The Crucial Ingredient: Good music. Nothing is tuned out faster than bad hip hop beats. Get some headliners to keep heads nodding: Kanye and Jay should be down with the for art and profit agenda (Jay just inked a development deal with Adult Swim). Perfection is a donation from Pinkett-Smiths and Carter-Knowles Foundation for No-Duh-Let’s-Do-This Entertainment.

Elevator Pitch: Sex and the City meets Fight Club meets The United States of Tara
The Hook: A socialite type (think black SJP) is blogging, having fun, until her militant, feminist side starts showing itself more and ruining relationships.
The Tagline: Online no one can hear you scream … “Hegemony!”
The Time: Thursday night (so the fem-blogs can write about it before the weekend).
The Competition: Sex and the City reruns on TBS.
Replaces: What Would You Do?, a hidden-camera show. This show can offer the same voyeuristic elements, but better than candid is crafted.
Summarily Speaking: SATC always needed more 1. Multicultillectuals (multicultural + intellectuals) 2. Digital internet culture. As our femme fatale deals with boys, blogs, and — OMG, are those blahniks for sale? — her “dark” side can ask if she’s only shopping for the white-boy patriarchy. Sprinkle some occasional “how your blog-media sausage gets made,” and voila! A strong maybe of a show!
Oprah’s Moral: Be comfortable with yourselves. All of them.
Crucial Ingredient: Michelle Rodriguez has the ethnic ambiguity and gender-neutral ambivalence we’re shooting for. Maya Rudolph would get the humor.

Elevator Pitch: Tosh 2.0 meets Radiolab
The Hook: Not all viral videos are punch lines, this is culture shock therapy for culture shock.
The Tagline: Putting the Cult in Culture.
The Time: Weekday afternoons.
The Competition: Whoever is on in weekday afternoons. Ricky Lake?
Replaces: The Gayle King Show. I don’t want to hate on Oprah’s BFF, and I’m sure she does a credible job. But do we need another samey-same talk show? Oprah maxed this line of credit out.
Summarily Speaking: We really needs some swag freshener on the frat-boy-in-front-of-a-green-screen shtick (no offense to Daniel Tosh, I see his humanity straining from behind the glass). But we can turn this medley of clips-and-marginalia conceit into a no-frills Daily Show for the creative underclass.
Oprah’s Moral: Always be learnin’ (Oprah’s spin on Mamet/Baldwin Always Be Closing).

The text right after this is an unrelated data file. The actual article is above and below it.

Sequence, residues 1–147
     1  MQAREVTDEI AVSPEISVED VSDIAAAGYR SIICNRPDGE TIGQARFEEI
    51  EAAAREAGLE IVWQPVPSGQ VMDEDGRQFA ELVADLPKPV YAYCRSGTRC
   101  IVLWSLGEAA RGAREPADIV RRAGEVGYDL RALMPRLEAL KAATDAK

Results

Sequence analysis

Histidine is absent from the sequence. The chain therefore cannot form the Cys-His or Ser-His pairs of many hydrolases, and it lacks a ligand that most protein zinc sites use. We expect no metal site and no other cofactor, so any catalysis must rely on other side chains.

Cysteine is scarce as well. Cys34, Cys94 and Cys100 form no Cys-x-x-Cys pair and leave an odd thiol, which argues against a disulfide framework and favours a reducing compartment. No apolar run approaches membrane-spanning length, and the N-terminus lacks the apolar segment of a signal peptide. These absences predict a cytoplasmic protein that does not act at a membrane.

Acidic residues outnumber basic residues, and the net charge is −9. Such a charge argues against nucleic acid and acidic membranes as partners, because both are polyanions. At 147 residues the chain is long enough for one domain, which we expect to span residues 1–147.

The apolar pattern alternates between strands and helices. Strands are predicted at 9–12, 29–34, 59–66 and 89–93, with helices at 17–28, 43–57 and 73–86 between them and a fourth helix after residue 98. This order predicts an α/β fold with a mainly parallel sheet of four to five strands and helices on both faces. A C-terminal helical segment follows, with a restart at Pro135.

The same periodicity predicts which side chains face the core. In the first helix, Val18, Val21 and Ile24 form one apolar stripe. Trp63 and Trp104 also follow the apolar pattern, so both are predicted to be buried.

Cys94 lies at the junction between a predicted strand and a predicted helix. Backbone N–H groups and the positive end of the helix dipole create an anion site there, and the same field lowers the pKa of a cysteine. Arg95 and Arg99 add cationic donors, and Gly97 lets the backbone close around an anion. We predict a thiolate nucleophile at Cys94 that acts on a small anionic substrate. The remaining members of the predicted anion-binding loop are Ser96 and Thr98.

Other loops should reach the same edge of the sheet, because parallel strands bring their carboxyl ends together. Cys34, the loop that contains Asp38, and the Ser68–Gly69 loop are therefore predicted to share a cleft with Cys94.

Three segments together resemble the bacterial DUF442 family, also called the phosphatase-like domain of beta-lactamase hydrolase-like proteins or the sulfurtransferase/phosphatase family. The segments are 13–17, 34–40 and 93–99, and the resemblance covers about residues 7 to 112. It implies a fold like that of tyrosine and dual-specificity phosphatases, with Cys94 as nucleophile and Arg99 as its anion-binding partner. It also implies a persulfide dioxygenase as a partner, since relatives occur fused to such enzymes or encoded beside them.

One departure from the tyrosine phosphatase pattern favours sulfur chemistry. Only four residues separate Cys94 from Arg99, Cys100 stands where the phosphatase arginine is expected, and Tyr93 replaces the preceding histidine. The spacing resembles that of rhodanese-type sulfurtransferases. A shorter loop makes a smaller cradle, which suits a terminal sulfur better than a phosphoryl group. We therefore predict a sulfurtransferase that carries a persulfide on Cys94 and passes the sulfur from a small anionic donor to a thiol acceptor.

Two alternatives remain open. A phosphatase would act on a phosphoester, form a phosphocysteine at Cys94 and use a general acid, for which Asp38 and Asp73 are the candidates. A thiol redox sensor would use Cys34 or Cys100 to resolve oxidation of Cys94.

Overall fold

The Crucial Ingredient: Picking the right voice from the healthy pool of irreverent-but-still-political-and-opinionated Vloggers out there is key, but before that comes a producer/editor with a golden touch for panning the web, curating clips, etc.

Elevator Pitch: Dan Savage meets iCarly
The Hook: The sex-positive-dating-advice show for young girls. Everything they need to know, but you darn sure can’t tell them.
The Tagline: 1 + 1 ≠ 0.
Time: Weekday after school.
The Competition: There is no competition.
Replaces: In the Bedroom with Dr. Laura Berman. Nothing personal, but I prefer to keep the advice-givers and soothsayers fresh.
Summarily Speaking: The inter-litter-box is purring with the sounds of young ladies who grew up Oprah, watch Dr. Drew, and find their synapses ablaze with ideas on how to cope with being sexy, ambitious, and oh-so manic-adorable. On the Internet the terrorists have won (2-Girls, 1-Cup was 9/11 for the web?), and we need to soldier forward in a world where anything, from Friday to Double Rainbows, can destroy your world in an instant.
Oprah’s Moral: To quote Donna Martin from Beverly Hills, 90210: If you have a swimming pool, and you’re afraid your kids might drown in it, you can forbid them to go near it, even put a fence around it. But don’t you think you should at least teach them how to swim?
Crucial Ingredient: Someone well-versed in What Generation Y Girls Need to Know about hook-up culture, online chat, texting and “sexting,” online pornography, chat roulette, bullying, and politicians. Someone with Janelle Monae’s energy, Olivia Munn’s spunk, Zooey Deschanel’s emo-literacy, and, maybe twice a month, Chelsea Handler’s drunken promiscuity.

Or maybe, I don’t know, is there a young Oprah?

Patrice Evans is a Grantland Staff Writer. His book Negropedia: The Assimilated Negro’s Crash Course on the Modern Black Experience will be released October 4.

Filed Under: Music, Queen